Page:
House Republicans just introduced a bill that would terminate the Environmental Protection Agency by the end of next year, full stop.
H.R. 861, which was introduced on February 3 by Rep. Matt Gaetz (R-Florida) and cosponsored by Reps. Steven Palazzo (R-Mississippi), Thomas Massie (R-Kentucky), and Barry Loudermilk (R-Georgia) only contains one sentence: “The Environmental Protection Agency shall terminate on December 31, 2018.” The bill is currently awaiting action in the House Science, Space, and Technology committee.
The bill doesn’t specify what will happen to the wealth of knowledge and research produced by the EPA over the last several decades, or how the multitude of rules in place to safeguard land, air, and water from pollutants will be enforced, if at all. The legislation also doesn’t mention what will happen to the EPA’s $8 billion budget or 15,000-plus employees.
It isn’t hard to discern the motives of the bill’s author and cosponsors. According to the Center for Responsive Politics, two of the top 20 donors to Rep. Gaetz’s 2016 campaign committee were energy and utility companies (Smith Energy and Southern Company) who would stand to gain financially if the EPA were terminated. Rep. Palazzo received $14,700 last year from the oil & gas lobby, making them his 3rd largest contributor.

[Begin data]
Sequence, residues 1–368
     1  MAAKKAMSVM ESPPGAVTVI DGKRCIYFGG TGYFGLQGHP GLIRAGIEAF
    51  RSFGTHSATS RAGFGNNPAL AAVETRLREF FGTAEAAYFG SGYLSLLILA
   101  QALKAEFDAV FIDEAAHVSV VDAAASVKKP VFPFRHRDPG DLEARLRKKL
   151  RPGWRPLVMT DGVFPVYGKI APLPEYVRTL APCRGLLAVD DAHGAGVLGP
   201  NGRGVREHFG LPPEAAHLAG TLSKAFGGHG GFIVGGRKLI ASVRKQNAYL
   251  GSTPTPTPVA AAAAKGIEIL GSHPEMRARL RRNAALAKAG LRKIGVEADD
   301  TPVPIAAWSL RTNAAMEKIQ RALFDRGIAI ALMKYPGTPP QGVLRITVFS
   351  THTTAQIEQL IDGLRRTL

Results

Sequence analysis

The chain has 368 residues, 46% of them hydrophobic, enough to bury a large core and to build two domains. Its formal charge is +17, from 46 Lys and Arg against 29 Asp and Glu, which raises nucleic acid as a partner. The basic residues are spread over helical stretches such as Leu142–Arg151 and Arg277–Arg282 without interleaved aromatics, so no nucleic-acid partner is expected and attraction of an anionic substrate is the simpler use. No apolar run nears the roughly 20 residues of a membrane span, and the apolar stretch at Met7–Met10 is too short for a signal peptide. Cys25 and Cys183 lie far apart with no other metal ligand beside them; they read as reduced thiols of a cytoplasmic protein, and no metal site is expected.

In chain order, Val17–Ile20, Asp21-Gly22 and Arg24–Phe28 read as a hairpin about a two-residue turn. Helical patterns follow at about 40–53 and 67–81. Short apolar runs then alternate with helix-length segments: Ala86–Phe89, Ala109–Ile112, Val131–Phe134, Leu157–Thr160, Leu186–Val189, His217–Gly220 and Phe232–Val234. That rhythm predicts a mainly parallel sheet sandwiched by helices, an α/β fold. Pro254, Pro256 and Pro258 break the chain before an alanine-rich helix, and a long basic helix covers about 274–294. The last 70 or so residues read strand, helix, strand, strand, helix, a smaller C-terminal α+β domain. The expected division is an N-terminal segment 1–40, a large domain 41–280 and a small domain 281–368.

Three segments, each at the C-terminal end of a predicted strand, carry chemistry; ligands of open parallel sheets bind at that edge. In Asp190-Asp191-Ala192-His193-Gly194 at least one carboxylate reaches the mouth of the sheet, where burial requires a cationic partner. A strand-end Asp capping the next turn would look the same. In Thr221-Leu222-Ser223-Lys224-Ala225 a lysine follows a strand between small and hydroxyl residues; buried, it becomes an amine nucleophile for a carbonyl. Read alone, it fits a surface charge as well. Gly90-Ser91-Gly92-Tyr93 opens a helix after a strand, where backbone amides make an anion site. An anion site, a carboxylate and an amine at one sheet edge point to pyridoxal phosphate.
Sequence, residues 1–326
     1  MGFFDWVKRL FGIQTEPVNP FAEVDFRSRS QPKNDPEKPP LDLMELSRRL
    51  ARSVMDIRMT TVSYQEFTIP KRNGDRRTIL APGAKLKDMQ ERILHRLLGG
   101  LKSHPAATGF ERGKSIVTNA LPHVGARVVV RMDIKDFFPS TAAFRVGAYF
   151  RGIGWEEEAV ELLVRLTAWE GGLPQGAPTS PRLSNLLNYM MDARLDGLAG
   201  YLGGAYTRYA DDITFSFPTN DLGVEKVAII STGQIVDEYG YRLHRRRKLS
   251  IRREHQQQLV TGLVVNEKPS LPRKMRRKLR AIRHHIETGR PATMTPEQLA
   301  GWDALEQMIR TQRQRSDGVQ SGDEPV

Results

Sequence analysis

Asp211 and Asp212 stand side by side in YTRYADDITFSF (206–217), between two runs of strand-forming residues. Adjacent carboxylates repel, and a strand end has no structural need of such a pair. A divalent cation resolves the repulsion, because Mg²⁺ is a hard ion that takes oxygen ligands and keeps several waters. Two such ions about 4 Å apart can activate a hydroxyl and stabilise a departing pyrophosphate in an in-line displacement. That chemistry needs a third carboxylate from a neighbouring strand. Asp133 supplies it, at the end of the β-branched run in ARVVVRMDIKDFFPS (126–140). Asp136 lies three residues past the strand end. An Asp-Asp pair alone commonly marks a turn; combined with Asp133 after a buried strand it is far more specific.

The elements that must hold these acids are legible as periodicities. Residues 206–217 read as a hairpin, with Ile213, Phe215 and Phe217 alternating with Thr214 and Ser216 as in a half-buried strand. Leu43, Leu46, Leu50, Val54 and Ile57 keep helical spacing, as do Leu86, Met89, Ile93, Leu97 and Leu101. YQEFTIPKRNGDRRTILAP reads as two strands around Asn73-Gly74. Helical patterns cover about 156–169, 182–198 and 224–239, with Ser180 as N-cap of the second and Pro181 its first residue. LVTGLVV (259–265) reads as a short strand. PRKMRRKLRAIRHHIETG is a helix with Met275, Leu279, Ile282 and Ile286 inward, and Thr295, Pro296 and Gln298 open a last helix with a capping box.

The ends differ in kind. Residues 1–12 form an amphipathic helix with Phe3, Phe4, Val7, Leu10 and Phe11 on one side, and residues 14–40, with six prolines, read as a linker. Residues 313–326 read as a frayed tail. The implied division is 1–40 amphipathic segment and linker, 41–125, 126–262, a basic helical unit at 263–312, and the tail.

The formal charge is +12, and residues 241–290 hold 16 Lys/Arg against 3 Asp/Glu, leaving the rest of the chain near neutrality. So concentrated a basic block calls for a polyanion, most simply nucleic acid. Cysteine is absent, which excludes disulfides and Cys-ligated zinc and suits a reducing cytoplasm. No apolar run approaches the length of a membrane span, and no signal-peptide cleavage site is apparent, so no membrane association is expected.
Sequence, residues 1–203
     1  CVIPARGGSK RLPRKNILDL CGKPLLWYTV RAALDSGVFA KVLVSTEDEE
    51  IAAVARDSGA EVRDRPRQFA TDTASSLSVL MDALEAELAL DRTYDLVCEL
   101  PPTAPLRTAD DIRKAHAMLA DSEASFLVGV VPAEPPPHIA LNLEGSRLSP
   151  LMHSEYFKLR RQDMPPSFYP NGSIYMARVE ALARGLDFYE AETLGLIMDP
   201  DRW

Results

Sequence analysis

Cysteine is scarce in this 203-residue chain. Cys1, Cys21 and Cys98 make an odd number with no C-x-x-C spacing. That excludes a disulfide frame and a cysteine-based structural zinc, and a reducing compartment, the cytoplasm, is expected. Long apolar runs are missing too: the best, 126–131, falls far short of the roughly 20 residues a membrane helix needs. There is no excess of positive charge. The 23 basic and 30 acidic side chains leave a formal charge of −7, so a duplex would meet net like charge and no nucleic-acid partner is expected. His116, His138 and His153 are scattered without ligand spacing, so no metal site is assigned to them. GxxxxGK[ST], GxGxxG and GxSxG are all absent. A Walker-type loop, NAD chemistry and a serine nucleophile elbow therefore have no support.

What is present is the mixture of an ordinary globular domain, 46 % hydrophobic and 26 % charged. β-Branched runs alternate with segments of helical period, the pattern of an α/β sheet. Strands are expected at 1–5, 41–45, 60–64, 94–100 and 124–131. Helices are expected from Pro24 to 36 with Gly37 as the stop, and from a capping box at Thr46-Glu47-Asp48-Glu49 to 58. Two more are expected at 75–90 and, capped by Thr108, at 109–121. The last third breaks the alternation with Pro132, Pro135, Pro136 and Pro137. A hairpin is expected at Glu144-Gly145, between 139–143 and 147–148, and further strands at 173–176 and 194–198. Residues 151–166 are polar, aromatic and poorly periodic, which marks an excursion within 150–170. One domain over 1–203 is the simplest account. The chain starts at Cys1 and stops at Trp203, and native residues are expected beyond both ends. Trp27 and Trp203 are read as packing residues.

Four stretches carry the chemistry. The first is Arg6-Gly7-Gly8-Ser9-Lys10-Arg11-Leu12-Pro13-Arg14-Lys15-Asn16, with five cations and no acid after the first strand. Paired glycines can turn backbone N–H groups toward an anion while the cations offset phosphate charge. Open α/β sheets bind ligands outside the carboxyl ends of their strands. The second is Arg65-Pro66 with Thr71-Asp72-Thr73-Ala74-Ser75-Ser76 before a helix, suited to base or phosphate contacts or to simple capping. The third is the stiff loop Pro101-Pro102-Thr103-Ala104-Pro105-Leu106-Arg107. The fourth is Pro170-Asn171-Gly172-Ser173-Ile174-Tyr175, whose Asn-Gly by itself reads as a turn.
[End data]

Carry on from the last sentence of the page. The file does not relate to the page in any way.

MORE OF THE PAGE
In addition to this assault on the EPA, President Donald Trump’s pick to lead the agency is Scott Pruitt, the Attorney General of Oklahoma who has sued the EPA on 14 separate occasions. Pruitt hasn’t made it clear whether or not he would recuse himself from any EPA rulings on the lawsuits he filed challenging environmental regulations if he is confirmed to the position.
Either way, the EPA is in a lot of trouble over the next four years.
Tom Cahill is a writer for US Uncut based in the Pacific Northwest. He specializes in coverage of political, economic, and environmental news. You can contact him via email at [email protected], or follow him on Facebook.